Prayer for Eleggua: Echu obá loná tosí gbogbo ona iré o aché
Ogún is the god of iron, war and labor. He is the owner of all technology and because this technology shares in his nature, it is almost always used first for war. As Elegguá opens the roads, it is Ogún that clears the roads with his machete. He is recognised in the numbers 7 and the colors green and black.
Prayer for Ogun: Ogún oko dara obaniché aguanile ichegún iré
Oshosi is the third member of the group known as the Guerreros or Warriors, and is received along with Elegguá, Ogún and Osun in order to protect the Guerreros initiate and to open and clear their roads. Oshosi is the hunter and the scout of the orishas and assumes the role of enforcer of justice for Obatalá with whom he has a very close relationship. His colors are blue and yellow.
Prayer for Ochossi: Ochosi Ode mata obá akofá ayé o unsó iré o wa mi Ochosi omode aché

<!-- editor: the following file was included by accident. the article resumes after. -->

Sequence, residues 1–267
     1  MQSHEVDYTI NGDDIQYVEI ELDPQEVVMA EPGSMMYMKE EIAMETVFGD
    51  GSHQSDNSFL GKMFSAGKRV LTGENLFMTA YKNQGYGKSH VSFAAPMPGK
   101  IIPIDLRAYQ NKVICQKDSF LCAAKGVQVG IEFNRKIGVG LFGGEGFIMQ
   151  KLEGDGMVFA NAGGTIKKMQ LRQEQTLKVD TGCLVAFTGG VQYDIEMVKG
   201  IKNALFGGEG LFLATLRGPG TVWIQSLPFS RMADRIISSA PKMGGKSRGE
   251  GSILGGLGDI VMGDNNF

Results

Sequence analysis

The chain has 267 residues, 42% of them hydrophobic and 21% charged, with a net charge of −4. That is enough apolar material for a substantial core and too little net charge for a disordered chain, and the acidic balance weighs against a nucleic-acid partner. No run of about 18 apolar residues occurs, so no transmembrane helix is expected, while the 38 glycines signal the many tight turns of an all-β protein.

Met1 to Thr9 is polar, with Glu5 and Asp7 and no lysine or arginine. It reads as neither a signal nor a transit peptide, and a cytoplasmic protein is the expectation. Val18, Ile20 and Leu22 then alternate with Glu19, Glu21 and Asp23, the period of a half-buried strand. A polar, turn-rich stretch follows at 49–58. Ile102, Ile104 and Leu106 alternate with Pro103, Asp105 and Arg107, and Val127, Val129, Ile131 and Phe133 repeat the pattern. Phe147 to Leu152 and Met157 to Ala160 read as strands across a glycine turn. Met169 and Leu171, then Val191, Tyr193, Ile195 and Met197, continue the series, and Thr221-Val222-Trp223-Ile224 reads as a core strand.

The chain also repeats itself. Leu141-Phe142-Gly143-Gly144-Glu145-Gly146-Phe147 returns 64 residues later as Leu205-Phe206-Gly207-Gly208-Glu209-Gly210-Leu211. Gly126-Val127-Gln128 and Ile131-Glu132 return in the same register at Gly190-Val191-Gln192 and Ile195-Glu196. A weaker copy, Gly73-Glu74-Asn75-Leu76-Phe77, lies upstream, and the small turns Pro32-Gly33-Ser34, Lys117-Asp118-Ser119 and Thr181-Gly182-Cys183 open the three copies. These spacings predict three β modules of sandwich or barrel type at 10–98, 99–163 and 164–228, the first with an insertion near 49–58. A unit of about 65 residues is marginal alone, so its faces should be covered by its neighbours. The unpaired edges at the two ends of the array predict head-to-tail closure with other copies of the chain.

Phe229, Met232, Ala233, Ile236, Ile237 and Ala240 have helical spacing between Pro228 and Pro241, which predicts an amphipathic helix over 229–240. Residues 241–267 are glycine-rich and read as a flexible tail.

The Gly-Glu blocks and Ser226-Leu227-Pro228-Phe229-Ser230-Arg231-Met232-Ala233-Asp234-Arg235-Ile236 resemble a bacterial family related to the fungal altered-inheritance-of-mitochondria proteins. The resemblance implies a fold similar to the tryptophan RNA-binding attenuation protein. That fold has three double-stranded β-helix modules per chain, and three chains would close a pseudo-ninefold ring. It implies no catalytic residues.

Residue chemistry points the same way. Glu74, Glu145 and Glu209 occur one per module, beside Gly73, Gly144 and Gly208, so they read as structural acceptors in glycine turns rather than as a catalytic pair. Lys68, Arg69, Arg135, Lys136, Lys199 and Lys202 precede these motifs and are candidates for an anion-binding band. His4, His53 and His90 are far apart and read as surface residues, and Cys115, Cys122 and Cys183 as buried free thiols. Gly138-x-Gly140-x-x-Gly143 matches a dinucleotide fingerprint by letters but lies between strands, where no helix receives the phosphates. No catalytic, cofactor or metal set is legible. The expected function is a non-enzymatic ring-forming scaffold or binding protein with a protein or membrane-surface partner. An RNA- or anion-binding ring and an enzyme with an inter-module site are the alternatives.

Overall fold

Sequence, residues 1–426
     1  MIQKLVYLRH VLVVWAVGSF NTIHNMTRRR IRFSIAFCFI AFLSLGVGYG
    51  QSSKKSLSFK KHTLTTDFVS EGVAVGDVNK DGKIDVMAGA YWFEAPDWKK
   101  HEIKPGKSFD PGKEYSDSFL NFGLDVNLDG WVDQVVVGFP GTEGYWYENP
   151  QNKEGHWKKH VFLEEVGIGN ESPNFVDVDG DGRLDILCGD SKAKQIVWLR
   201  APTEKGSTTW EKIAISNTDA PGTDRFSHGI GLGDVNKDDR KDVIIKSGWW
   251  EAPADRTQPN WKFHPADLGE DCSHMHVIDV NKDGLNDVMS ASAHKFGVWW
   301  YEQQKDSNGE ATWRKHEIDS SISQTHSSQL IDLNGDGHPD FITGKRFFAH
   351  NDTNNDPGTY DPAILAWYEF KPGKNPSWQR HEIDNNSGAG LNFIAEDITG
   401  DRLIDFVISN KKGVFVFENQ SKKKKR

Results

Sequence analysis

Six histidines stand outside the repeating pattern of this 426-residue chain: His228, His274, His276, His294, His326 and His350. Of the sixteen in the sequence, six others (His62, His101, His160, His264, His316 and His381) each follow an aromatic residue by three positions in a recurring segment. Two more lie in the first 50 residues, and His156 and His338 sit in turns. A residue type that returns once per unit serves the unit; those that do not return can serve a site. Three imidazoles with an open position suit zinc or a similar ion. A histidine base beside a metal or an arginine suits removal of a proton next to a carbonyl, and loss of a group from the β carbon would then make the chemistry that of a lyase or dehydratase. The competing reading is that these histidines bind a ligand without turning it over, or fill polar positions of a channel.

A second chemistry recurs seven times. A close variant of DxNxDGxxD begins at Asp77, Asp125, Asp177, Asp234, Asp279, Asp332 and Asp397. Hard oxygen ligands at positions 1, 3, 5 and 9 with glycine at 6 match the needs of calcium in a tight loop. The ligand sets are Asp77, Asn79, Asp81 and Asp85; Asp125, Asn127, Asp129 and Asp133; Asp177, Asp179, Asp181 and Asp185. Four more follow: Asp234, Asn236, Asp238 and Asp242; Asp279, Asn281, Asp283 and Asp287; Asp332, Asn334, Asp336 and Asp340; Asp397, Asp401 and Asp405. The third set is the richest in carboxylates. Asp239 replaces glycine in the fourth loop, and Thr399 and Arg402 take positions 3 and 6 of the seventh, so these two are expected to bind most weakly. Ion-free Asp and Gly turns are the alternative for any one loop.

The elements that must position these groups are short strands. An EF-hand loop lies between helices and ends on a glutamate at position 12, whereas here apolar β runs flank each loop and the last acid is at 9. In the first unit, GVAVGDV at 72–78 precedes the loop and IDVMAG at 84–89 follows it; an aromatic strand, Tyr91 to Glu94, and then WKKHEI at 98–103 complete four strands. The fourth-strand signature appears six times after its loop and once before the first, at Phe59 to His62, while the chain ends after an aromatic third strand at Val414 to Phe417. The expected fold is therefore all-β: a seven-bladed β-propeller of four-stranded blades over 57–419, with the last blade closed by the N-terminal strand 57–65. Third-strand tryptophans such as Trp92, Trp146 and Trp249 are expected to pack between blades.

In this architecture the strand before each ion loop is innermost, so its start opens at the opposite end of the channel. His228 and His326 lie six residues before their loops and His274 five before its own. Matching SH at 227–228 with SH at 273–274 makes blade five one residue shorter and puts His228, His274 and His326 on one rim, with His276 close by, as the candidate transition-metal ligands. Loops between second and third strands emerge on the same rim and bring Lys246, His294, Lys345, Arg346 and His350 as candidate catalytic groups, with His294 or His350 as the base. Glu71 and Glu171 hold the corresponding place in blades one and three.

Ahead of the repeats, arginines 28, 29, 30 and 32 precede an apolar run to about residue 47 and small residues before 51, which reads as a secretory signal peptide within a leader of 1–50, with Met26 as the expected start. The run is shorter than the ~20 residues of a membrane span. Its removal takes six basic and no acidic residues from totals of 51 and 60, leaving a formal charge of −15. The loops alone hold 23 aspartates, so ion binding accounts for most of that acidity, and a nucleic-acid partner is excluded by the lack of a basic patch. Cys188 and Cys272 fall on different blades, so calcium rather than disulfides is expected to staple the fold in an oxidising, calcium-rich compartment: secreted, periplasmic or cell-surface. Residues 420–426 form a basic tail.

Obatalá is the kindly father of all the orishas and all humanity. He is also the owner of all heads and the mind. Though it was Olorun who created the universe, it is Obatalá who is the creator of the world and humanity. Obatalá is the source of all that is pure, wise peaceful and compassionate. He has a warrior side though through which he enforces justice in the world. His color is white which is often accented with red, purple and other colors to represent his/her different paths. White is most appropriate for Obatalá as it contains all the colors of the rainbow yet is above them. Obatalá is also the only orisha that has both male and female paths.
Prayer for Obatala: Obatalá obá layé ela iwo alara aché
Oyá is the ruler of the winds, the whirlwind and the gates of the cemetery. Her number is nine which recalls her title of Yansá or “Mother of Nine” in which she rules over the egun or dead. She is also known for the colors of maroon, flowery patterns and nine different colors. She is a fierce warrior who rides to war with Shangó (sharing lightning and fire with him) and was once the wife of Ogún.